G - H

Gaelic language (Scotland)

Mnemonic (reference code): LNUPWSNI​, LANSPWSNI, LANRPWSNI​, LANWPWSNI

Definition:​ This question asks the person's abilities in Scottish Gaelic through multi-ticking a list of 4 competencies.

Separate variables are provided on the output database for each type of competence.

Applicability: All people

Classification:

Code

Household composition

Mnemonic (reference code): HHCHUK

Definition: This derived variable describes the type of household. Note that, as for all other derived variables, the classification does not take account of students and schoolchildren living away from the family home during term-time.

Applicability: All occupied household spaces, UK

Classification:

Code

Generation in family

Mnemonic (reference code): ​GENINFAM

Definition: This variable is derived during the algorithm that allocates people to families. It classifies people according to their generation within a family.

Applicability: All people in households, UK

Classification:​

Code

General health

Mnemonic (reference code): HEAPUK

Definition: This question asks for an assessment of each person's general health over the last year.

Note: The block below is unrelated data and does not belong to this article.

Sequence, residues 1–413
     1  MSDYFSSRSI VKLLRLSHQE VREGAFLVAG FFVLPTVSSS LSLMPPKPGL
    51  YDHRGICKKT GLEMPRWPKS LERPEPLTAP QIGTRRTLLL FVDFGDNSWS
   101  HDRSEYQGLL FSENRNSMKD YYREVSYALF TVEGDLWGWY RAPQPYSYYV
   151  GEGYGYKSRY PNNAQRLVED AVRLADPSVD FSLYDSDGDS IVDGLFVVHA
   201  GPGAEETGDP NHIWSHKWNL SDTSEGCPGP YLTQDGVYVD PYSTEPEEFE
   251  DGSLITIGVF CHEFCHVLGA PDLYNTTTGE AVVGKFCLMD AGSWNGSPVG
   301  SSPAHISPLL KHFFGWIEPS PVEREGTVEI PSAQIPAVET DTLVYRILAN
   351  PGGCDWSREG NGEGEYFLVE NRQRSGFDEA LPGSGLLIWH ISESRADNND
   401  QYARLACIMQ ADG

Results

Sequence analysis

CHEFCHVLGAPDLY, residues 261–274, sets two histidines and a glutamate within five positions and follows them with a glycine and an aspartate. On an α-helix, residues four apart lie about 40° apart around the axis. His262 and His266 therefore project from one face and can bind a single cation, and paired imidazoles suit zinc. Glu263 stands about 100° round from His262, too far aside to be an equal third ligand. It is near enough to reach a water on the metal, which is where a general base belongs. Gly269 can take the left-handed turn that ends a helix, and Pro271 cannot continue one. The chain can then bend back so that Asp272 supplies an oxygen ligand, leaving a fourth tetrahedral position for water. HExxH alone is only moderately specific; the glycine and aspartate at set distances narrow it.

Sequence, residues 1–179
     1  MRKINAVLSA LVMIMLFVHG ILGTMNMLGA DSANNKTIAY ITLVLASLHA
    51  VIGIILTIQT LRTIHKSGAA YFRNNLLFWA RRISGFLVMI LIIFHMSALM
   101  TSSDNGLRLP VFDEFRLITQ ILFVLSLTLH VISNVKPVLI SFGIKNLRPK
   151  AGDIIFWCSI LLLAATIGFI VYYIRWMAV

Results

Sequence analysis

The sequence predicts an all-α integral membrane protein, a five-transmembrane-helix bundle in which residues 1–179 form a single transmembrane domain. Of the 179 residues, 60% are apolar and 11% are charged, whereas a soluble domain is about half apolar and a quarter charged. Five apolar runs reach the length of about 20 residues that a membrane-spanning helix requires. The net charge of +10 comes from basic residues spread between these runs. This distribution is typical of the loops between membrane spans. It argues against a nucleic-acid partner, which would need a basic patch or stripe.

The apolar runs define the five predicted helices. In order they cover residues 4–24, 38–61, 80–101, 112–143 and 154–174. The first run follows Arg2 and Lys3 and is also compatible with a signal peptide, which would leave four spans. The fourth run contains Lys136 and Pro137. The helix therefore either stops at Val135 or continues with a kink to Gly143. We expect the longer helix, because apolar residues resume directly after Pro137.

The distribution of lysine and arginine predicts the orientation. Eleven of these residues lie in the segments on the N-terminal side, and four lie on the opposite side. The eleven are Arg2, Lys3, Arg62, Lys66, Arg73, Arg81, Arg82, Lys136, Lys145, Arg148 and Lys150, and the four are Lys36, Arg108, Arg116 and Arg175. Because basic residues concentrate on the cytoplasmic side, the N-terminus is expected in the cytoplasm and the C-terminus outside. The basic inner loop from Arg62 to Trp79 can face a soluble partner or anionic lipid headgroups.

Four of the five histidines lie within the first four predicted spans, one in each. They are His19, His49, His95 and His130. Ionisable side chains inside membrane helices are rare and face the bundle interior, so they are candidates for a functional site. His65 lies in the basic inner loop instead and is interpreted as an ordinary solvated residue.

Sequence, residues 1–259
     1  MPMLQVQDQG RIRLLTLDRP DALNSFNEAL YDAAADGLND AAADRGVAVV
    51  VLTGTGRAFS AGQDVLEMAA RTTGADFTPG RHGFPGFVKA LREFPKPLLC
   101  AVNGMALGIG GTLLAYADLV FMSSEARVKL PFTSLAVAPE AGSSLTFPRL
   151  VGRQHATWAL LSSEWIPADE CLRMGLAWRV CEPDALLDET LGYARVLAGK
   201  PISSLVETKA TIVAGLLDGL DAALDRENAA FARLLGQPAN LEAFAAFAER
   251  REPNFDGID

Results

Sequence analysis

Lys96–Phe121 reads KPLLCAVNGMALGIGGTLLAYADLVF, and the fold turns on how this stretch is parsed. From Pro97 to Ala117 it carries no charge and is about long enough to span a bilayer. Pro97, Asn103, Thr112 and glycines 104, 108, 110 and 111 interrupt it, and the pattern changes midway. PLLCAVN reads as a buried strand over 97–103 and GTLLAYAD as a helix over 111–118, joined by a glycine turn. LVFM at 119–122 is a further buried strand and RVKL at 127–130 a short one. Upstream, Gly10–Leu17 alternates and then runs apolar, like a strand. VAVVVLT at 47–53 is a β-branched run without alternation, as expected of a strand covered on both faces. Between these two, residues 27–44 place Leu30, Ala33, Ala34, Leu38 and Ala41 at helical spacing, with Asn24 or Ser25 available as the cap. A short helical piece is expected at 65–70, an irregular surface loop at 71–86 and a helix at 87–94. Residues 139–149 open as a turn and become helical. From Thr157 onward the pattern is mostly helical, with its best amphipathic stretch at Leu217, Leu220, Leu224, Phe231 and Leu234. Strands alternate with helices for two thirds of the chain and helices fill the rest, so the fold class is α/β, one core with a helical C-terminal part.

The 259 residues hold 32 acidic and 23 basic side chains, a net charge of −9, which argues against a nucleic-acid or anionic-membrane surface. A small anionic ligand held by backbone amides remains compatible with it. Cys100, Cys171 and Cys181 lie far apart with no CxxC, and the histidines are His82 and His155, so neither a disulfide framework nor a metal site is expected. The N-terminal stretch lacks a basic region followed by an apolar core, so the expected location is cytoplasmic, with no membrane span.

Applicability: All people, UK.

Classification:

Code

Name

1

Good

2

Housing deprivation, household indicator

Mnemonic (reference code): DEPHSHUK

Definition: This derived variable is an indicator of household deprivation. A household is defined as deprived in the housing dimension if it is either overcrowded (actual number of rooms minus rooms 'required' (see ROOMREQ) is –1 or less) OR is in a shared dwelling OR does not have sole use of a bath / shower or toilet OR does not have central heating.

This variable is not available in Northern Ireland because of the risk of confusion with existing deprivation measures.

Hours worked

Mnemonic (reference code): HOUPUK

Definition: This question records how many hours people normally work in their main job. The person is asked to answer the question to the nearest whole hour and give the average for the last four weeks.

This variable is used in the derived variable Economic Activity (ECOPUK) to determine whether a person is working part-time (30 hours or less per week) or full-time (31 hours or more per week).

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